6) Department Internal Medicine I, Klinikum Saarbrücken, Winterberg 1, 66119 Saarbrücken, Germany
7) Department of Psychosomatic Medicine and Psychotherapy, Technische Universität München, 81865 München, Germany



Fibromyalgia syndrome (FMS),characterized by subjective complaints without physical or biomarker abnormality, courts controversy. Recommendations in recent guidelines addressing classification and diagnosis were examined for consistencies or differences.


Systematic searches from January 2008 to February 2013 of the US-American National Guideline Clearing House, the Scottish Intercollegiate Guidelines Network, Guidelines International Network, and Medline for evidence-based guidelines for the management of FMS were conducted.


Three evidence-based interdisciplinary guidelines, independently developed in Canada, Germany, and Israel, recommended that FMS can be clinically diagnosed by a typical cluster of symptoms following a defined evaluation including history, physical examination, and selected laboratory tests, to exclude another somatic disease. Specialist referral is only recommended when some other physical or mental illness is reasonably suspected. The diagnosis can be based on the (modified) preliminary American College of Rheumatology (ACR) 2010 diagnostic criteria.


Guidelines from three continents showed remarkable consistency regarding the clinical concept of FMS, acknowledging that FMS is neither a distinct rheumatic nor mental disorder, but rather a cluster of symptoms, not explained by another somatic disease. While FMS remains an integral part of rheumatology, it is not an exclusive rheumatic condition and spans a broad range of medical disciplines.

From Journal of Sex & Marital Therapy, epublished 25 November 2013.

The impact of fatigue and fibromyalgia on sexual dysfunction in women with Chronic Fatigue Syndrome

Alicia Blazquez, Eva Ruiz, Luisa Aliste, Ana Garcia-Quintana & Jose Alegre
Unity of CFS and Fibromyalgia, Vall Hebron Hospital, Internal Medicine, Barcelona, Spain


Sexual dysfunction in patients with chronic fatigue syndrome (CFS) is attracting growing interest but has been analyzed by few studies to date. For this reason we evaluate sexual dysfunction in women with CFS (GRISS) and explore correlations with fatigue and other symptoms. Sexual dysfunction was greater in CFS patients (n=615) with a higher number of cognitive, neurological, and neurovegetative symptoms, concomitant fibromyalgia, Sjogren's syndrome, or myofascial pain syndrome, and more intense fatigue (P<0.05).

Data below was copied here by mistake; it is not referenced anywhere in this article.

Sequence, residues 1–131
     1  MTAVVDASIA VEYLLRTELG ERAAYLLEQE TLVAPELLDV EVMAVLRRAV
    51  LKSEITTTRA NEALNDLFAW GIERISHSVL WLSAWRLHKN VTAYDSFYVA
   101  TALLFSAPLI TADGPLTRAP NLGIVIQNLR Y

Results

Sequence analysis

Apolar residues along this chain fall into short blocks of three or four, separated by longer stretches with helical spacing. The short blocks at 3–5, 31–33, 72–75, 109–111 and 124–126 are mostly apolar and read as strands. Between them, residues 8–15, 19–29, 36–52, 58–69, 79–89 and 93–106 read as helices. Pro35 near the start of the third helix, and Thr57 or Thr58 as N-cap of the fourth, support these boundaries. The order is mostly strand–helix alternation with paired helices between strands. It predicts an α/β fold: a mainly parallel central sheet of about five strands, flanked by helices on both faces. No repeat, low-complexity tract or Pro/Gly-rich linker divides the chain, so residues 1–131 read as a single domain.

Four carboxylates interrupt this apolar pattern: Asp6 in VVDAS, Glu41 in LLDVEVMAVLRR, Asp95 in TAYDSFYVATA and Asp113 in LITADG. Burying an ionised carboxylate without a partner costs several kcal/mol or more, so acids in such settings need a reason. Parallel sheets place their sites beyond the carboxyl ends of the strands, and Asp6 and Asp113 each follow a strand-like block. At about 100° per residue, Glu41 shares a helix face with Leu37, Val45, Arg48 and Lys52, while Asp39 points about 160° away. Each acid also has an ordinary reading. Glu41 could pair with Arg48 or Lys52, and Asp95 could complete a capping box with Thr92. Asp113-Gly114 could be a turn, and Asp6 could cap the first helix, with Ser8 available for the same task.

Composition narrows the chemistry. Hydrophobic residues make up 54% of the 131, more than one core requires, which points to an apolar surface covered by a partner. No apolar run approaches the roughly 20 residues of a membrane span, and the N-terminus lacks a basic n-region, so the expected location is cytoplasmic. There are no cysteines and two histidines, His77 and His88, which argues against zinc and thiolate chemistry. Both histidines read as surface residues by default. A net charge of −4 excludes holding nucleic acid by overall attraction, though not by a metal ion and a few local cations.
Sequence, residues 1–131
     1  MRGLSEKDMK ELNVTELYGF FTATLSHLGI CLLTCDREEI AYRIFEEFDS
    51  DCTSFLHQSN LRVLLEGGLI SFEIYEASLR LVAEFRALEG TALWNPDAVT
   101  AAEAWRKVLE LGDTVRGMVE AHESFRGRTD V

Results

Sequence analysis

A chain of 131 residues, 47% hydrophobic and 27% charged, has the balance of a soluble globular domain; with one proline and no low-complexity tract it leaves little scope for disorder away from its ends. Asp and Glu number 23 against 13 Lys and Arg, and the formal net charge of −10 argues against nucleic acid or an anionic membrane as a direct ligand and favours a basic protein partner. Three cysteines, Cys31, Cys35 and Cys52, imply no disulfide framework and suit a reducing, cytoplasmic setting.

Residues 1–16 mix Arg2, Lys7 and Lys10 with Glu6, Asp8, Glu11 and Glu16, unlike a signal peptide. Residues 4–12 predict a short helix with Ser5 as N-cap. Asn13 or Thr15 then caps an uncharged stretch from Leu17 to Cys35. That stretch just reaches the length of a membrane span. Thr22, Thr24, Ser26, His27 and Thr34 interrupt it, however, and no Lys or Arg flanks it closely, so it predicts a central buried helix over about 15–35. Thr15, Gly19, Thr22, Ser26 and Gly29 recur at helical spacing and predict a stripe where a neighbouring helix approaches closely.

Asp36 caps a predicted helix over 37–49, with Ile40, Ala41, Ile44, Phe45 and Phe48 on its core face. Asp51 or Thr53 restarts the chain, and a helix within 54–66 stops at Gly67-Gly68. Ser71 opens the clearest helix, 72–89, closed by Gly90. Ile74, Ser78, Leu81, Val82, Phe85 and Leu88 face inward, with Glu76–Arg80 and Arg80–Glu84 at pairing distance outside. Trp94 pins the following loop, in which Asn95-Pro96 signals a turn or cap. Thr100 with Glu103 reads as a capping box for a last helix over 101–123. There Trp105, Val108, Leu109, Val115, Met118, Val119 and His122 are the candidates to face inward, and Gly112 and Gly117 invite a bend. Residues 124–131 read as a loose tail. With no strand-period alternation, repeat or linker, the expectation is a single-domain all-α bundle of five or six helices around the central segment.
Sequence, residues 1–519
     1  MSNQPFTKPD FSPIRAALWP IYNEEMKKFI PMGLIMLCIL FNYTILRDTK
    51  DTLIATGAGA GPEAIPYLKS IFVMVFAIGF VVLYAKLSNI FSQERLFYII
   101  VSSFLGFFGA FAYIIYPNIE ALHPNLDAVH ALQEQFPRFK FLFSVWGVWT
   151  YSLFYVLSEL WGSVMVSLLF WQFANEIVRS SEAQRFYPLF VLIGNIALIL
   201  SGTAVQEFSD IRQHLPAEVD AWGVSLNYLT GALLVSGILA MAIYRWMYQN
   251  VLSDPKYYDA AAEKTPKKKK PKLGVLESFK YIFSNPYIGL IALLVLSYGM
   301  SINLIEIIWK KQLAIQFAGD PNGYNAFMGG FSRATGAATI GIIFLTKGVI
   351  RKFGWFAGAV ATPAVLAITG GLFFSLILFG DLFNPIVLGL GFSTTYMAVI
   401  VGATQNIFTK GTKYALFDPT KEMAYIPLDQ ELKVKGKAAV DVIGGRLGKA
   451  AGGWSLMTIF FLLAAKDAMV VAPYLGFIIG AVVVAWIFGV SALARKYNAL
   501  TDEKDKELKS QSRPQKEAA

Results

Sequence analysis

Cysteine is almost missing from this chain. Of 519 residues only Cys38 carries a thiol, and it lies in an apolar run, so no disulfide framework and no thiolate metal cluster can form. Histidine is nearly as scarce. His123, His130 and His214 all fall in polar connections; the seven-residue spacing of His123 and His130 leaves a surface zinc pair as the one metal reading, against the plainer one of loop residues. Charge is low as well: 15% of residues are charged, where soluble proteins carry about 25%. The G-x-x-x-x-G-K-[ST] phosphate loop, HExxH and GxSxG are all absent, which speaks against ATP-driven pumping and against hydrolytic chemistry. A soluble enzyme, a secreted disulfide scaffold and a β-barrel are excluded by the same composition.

From Molecular Biomarkers & Diagnosis, 2013, 4:3

Immune Abnormalities in Patients Meeting New Diagnostic Criteria for Chronic Fatigue Syndrome/Myalgic Encephalomyelitis

Brenu EW(1,2*), Johnston S(1,2), Hardcastle SL(1,2), Huth TK1,2, Fuller K(1,2), Ramos SB(1,2), Staines DR(2,3) and Marshall-Gradisnik SM(1,2)
1) School of Medical Science, Griffith University, Gold Coast, Queensland, Australia
2) The National Centre for Neuroimmunology and Emerging Diseases, Griffith Health Institute, Queensland, Australia 3) Queensland Health, Gold Coast Public Health Unit, Robina, Gold Coast, Queensland, Australia



Immunological abnormalities have been identified in Chronic Fatigue Syndrome/Myalgic Encephalomyelitis patients fulfilling the 1994 Centers for Disease Control diagnostic criteria. Significant developments have been made to diagnostic criteria, but potential immunological markers have not been assessed in patients fulfilling these latest clinical requirements. Therefore, this study evaluated immunological parameters in patients that also fulfill the latest diagnostic criteria available known as the International Consensus Criteria.


The Immunological investigations including Natural Killer cell activity and phenotyping studies for dendritic cells, neutrophils, B cells and regulatory T cells were performed on whole blood samples collected from all participants using flow cytometric protocols. The physical functioning of all participants was also evaluated using scores from the Short Form Health Survey, and the World Health Organization Disability Adjustment Schedule. Results were compared according 1994 Centers of Disease Control and Prevention defined patients, and International Consensus Criteria defined patients, and healthy controls.

RESULTS Natural killer cell activity was consistently and significantly decreased, and regulatory T cells were significantly increased in both patient groups compared to healthy controls. Differences were found in human neutraphil antigens and expression of natural killer cell receptors between patient groups. Highly significant correlations were also found between physical status and some immune parameters in International Consensus Criteria defined patients.


This preliminary investigation on different diagnostic criteria suggests that the International Consensus Criteria may be more effective a detecting salient differences in the immune system.

From the Journal of the Royal Society of Medicine, 2 December 2013.